The victim was seen sitting up on a bench in his cell after the first wave of the attack. Mr Poutai found this unacceptable. He expressed the view to the other offenders that the victim had obviously not “got the message”. Two of the other offenders, Mr Te Whata and Mr Briggs, then carried out the second wave of violence. They pushed the victim to the ground in the shower area of the cell, and kicked and stomped on him all over his head and body. Blood was seen to flow from the victim at that stage.


The third attack was carried out by Mr Hoeer and Mr Te Whata. The victim was repeatedly punched and kicked and hit in the head by Mr Hoeer with an improvised weapon made out of torch batteries inside a sock. These blows were audible to prisoners outside the cell in the communal areas of the wing. During this wave Mr Hoeer was also seen to try and snap the victim's leg. While the victim was lying on the floor Mr Hoeer twice lifted him by the shoulders a few feet off the ground and slammed his head into the floor.


Priestley J sentenced the respondent together with Mr Te Whata, who also entered a guilty plea to the charge of wounding with intent to cause grievous bodily harm.


After summarising the facts, the Judge referred to the serious injuries inflicted on the victim which had left him permanently damaged, with his life changed drastically. He also referred to the victim impact statements by the victim's two sisters, particularly their distress because the victim's memory was significantly impaired by the injuries he received.


The Judge then considered the personal circumstances of the respondent. He noted that he was 29 years of age, that he was born and lived with his whanau in the north, that he described his childhood as being “rough” and that after his parents separated when he was about twelve, his life appeared to have disintegrated.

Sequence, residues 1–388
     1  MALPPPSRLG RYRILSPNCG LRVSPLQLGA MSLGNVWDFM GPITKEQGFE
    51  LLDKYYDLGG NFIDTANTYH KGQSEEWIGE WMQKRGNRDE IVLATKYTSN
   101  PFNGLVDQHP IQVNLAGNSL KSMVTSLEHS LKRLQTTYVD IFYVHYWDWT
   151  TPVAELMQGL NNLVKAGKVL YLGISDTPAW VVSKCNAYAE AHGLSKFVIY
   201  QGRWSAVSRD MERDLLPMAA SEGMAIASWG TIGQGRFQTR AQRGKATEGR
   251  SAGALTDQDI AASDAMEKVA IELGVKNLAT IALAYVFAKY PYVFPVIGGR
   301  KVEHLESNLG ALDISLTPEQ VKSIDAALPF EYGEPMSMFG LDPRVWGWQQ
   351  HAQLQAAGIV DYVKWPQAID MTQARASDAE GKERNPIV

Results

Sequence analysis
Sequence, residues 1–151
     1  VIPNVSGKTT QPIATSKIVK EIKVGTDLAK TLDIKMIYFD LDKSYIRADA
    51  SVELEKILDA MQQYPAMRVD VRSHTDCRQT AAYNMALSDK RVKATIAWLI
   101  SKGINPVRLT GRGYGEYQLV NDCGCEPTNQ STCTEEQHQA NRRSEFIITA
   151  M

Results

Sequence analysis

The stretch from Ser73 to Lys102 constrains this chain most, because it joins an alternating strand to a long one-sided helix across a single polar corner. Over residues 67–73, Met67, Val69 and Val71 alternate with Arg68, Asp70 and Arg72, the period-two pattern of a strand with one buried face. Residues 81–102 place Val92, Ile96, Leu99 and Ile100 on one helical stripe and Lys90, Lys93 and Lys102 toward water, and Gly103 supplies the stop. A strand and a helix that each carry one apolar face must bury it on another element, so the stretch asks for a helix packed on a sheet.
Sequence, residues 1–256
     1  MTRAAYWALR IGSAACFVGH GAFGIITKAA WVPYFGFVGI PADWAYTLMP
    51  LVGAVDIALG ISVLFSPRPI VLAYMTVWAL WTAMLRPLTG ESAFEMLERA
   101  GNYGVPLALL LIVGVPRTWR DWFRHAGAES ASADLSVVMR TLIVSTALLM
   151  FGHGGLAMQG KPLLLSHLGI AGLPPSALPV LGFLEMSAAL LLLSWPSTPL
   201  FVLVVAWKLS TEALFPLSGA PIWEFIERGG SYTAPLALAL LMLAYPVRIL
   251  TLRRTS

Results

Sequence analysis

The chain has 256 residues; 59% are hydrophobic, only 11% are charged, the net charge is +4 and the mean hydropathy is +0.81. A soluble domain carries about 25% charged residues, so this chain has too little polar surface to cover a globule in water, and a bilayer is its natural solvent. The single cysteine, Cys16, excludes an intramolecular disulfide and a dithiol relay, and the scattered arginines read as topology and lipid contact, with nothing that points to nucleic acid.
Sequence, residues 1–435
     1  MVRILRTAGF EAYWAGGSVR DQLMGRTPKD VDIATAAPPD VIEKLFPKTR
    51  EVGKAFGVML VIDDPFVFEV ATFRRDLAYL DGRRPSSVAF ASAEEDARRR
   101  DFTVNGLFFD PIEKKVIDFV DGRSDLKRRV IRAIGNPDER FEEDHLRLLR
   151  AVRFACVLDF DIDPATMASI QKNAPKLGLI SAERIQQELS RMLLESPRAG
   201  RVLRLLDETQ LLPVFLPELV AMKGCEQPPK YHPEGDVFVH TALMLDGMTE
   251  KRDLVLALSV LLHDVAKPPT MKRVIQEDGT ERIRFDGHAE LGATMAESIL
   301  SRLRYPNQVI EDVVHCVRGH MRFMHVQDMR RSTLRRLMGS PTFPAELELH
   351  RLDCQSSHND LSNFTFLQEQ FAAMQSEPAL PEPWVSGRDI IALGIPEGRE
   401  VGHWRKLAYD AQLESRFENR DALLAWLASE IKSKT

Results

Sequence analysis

The Judge recorded that the respondent has forty-eight previous convictions between 1996 and 2008. These included eight previous convictions for violence, including aggravated assault in 2003 and wounding with intent to cause grievous bodily harm in 2006, for which Mr Connelly was currently serving a ten-year sentence, imposed in July 2008. The Judge noted that the ten-year sentence had been reviewed by this Court in December 2008 1 and was left intact being well within the range given the nature of the offending.


In relation to aggravating factors of Mr Connelly's offending, the Judge noted premeditation, serious injury, being a party to attacking around the head, multiple attackers, a gang element (Mr Poutai was a member of the Black Power gang), vigilante action and vulnerability of the victim. The Judge noted that the victim was a prison inmate and that there was no way he could avoid people who were minded to attack him. He said that in the case of Mr Connelly there was no question of a weapon being involved.


As to mitigating factors, the Judge said he gave some credit to Mr Connelly for remorse and that he was also prepared to give credit for his guilty plea. He based that on Mr Connelly's preparedness to plead guilty to a lesser charge at a much earlier stage. However, he emphasised that there could be no possible criticism of the Crown for pursuing the more serious charge to which the respondent eventually pleaded guilty.


In selecting a starting point in terms of the bands in R v Taueki2 the Judge said that Mr Connelly was one of the initial instigators who took steps to let Mr Poutai or others know when the coast was clear and when the victim's cell was emptied out, and that he was involved in the first wave and reported back to Mr Poutai after that. The Judge accepted that Mr Connelly was not involved in the second and third waves but found that he was nonetheless a party. He took as a starting point eight years. He said: “I pick that level deliberately, which sits a year below the lower reaches of Taueki Band 3, to reflect your overall culpability”.


He then added fifteen months to reflect the aggravating features of the respondent's previous offending which included the 2006 offending for which he was on remand at the time of this offending.


For the guilty plea and willingness to accept criminal responsibility at an earlier stage he allowed a discount of 22 per cent, bringing the end sentence to seven years and four months' imprisonment.

The Judge considered the totality principle. He noted that the current ten year sentence created difficulty in sentencing. He said that there was no option but that the sentence he imposed must be cumulative on the sentence already being served, but that he must have in the forefront of his mind the principles of totality in s 85 of

the Sentencing Act 2002. He considered that the best way of reflecting...